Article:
1. Academic Control Issues: approve DL courses; establish class size; maintain curriculum standards.
2. Faculty Support Issues: need adequate technical support; must receive training; use successful DL instructors to recruit new ones.
3. Student Support Issues: need access to technical support; need one-day session to show them how to use DL course packages; online services: advising, tutoring, faculty office hours
4. Faculty Incentive Issues:

a. Direct Compensation for Development and Updating of Courses
b. Indirect Compensation in royalties
c. Release Time
d. Overload Pay
e. Computer equipment and software purchased
f. Home ISP cost covered
g. Additional funding for Travel and Conferences Fees 

Intellectual Property Issues

Source: Carol Twigg "Pew Learning and Technology Program" - Findings from a February 2000 symposium of 14 higher education leaders on the topic of "Who Owns Online Courses and Course Materials?"

Summary of Major Findings:

1. "An institution must have a clear statement of its policy and mechanism to ensure that the issue of ownership is addressed as early as possible in the development process."

2. Specific legal cases regarding ownership:

a. Miller Case - Faculty own rights to online instructional materials and can sell access to various colleges (Professors as Free Agents).
b. Unext.com Case - Institutions make business arrangements with external organization, third party. Content going to external organization as institution's property
c. Case Net - Univ of Va selling delivering courses to other colleges; faculty run business from office

3. Most frequent scenario: Online courses developed by faculty with support from IT. Faculty is paid to create and to teach the course. College claims ownership; however, never laid claim to original materials prepared by faculty for traditional course use.

4. Possible scenarios:

a. faculty own course materials but not the course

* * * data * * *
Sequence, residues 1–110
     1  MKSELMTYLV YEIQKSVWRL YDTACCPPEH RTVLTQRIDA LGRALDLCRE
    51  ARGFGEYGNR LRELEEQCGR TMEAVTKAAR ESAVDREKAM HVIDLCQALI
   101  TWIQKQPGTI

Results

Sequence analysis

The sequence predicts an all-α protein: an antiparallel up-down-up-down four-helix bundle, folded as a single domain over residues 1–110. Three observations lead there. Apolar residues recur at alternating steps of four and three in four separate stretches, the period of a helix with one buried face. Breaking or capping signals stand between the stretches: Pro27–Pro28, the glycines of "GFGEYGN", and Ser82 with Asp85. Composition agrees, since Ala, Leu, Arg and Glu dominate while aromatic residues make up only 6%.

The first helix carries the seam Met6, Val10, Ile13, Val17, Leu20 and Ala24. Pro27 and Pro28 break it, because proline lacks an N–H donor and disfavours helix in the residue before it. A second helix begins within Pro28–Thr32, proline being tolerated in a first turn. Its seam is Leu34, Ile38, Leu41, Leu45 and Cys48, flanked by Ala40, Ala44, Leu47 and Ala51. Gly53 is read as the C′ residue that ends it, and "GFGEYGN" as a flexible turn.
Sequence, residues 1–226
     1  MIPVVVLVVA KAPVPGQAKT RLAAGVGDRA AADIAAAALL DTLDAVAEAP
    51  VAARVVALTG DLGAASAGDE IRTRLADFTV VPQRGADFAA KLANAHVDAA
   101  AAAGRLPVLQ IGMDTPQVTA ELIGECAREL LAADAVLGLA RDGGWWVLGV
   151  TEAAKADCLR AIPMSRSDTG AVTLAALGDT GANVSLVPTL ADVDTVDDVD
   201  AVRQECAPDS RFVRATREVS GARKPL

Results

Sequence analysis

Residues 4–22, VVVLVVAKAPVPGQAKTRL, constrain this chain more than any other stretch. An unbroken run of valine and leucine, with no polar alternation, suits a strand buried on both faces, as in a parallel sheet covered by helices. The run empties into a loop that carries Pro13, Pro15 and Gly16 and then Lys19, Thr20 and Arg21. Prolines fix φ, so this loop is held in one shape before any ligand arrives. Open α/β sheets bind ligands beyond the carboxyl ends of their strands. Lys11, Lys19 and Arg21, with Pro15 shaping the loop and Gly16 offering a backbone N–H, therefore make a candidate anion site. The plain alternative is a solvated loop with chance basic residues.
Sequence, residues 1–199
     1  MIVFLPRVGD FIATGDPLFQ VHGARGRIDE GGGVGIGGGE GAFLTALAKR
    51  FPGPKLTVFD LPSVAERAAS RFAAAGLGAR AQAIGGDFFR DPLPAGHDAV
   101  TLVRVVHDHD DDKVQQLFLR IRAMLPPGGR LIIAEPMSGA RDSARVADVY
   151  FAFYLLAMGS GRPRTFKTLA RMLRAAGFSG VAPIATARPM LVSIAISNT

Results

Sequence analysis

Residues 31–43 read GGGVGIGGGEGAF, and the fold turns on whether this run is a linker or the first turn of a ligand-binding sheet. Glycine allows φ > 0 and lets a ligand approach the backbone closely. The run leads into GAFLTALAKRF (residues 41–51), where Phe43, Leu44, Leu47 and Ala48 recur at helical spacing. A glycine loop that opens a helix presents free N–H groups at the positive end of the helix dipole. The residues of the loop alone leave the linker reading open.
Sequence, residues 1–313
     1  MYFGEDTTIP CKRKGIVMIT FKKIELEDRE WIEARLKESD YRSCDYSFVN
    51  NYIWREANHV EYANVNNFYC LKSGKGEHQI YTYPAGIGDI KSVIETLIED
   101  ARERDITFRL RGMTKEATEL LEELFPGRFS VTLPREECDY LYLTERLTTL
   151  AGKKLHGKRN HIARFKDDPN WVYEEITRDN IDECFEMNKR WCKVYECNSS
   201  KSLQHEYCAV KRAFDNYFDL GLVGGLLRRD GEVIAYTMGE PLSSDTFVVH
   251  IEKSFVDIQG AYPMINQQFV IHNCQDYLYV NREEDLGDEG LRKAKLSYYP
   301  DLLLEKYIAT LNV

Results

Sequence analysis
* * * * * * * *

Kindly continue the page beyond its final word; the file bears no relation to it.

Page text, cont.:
b. faculty own course materials and the course
c. institutions own courses but not course materials
d. institutions own courses and course materials.

5. Definition of Course Materials: "fixed expression of ideas and resources that are used as the basis of the course"-these are instantly subject to copyright protection. These materials include ones that explain course content; illustrate course concepts; illuminate certain points; achieve course goals.

6. Definition of Course: "comprehensive set of materials that has been developed and combined in such a way as to substantiate a semester-long program of study."

7. Symposium concluded that courses include 5 components:

a. content
b. course materials
c. planned program of study: structure and goals
d. planned and spontaneous interaction
e. institution offers it

8. "The dispute over intellectual property is symptomatic of a larger problem-the redefinition of teaching mission and objectives of our higher ed institutions."

9. THE LAW- is indeterminate about ownership of course and course materials.

a. Copyright exists the moment a work is fixed; registration is not required.
b. Copyright Act of 1976 and Digital Millennium Copyright Act
c. US Code Title 17, sec. 107 - ownership rights
d. Fair Use policy - Generally lets you use portions of copyrighted materials in face-to-face teaching, personal discussion, research, and news reporting.

10. Three basic approaches to Intellectual Property:

a. Institutions assert ownership over copyrightable works of faculty citing "agency" principle of works made for hire.
b. Faculty continues to assert ownership.
c. Ownership via contract.

"Faculty who are well compensated and able to share in commercial success of their work will be motivated to create."

11.  Conclusion of the Symposium: "Default faculty position for all institutions should be faculty member owns course materials that he or she created. . . .There needs also to then be 'trigger mechanisms,' specific situations that would trigger the application of a second policy, ie. course materials commercialized whereby the institution should get some royalties."